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Endocrine Abstracts (2014) 34 PL4 | DOI: 10.1530/endoabs.34.PL4

Erasmus University Medical Center, Rotterdam, The Netherlands.

Thyroid hormone (TH) is essential for the development of tissues, in particular the brain, and for their metabolic function throughout life. The thyroid secretes mostly the prohormone T4 and a small amount of the active hormone T3. Most T3 is generated by outer ring deiodination of T4 in peripheral tissues, and both T4 and T3 are degraded by inner ring deiodination to inactive metabolites. This involves three different deiodinases (D1–3).

Most actions of TH are initiated by binding of T3 to nuclear receptors (TRs), which results in a change in the expression of TH responsive genes. TRs are encoded by two genes; THRA is located on human chr 17 and THRB on chr 3. Both genes give rise to different proteins of which TRα1, TRβ1 and TRβ2 represent bonafide T3-binding receptors.

The active sites of the deiodinases and the receptors are located inside the cell. Both metabolism and action of TH therefore require the transport of the hormone across the plasma membrane mediated by specific TH transporters. Multiple transporters have been identified but only three of them are specific for TH, namely MCT8, MCT10 and OATP1C1.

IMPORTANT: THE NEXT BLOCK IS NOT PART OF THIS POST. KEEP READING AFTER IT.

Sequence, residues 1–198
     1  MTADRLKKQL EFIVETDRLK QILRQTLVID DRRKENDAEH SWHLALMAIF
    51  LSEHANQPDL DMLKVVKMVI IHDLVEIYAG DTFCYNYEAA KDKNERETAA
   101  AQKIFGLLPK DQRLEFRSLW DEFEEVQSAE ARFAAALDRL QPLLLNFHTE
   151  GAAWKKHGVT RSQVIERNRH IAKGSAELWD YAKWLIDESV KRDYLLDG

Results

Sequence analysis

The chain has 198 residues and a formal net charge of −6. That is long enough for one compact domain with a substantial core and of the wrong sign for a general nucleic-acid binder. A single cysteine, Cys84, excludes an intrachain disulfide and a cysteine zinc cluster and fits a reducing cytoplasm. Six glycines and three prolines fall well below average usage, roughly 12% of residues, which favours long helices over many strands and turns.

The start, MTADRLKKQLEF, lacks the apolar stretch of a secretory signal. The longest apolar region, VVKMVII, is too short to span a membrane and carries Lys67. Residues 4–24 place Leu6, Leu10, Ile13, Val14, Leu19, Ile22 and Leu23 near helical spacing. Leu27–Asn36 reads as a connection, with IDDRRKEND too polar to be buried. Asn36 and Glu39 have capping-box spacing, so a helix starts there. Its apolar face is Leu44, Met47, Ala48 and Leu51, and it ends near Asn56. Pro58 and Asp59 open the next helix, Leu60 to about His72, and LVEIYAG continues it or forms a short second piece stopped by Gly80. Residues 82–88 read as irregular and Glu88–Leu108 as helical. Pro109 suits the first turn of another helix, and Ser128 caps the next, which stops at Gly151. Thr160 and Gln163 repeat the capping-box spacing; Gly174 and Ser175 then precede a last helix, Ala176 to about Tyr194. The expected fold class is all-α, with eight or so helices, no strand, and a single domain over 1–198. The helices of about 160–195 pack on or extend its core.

The syndrome of thyroid hormone resistance β (RTHβ) has been known for a long time. RTHβ is characterized by a combination of elevated FT4 and non-suppressed TSH levels. The clinical phenotype is usually mild but may comprise among others tachycardia and atrial fibrillation. RTH is caused by a heterozygous mutation in the T3-binding domain of TRβ1/2, resulting in an impaired negative feedback of TH on TSH secretion mediated by TRβ2.

Only very recently patients have been identified with heterozygous mutations in TRα1 resulting in RTHα. These patients show a strongly delayed bone development and mildly delayed mental and motor development. This is explained by the important expression of TRα in bone and brain. These patients have low FT4 and high T3 but normal TSH levels.

TH resistance may also be caused by an impaired cellular transport of the hormone. This has been demonstrated in patients with mutations in MCT8, which gene is located on the X chromosome. Males with hemizygous mutations in MCT8 suffer from severe psychomotor retardation. They also have low FT4 and high T3 but usually normal TSH levels.

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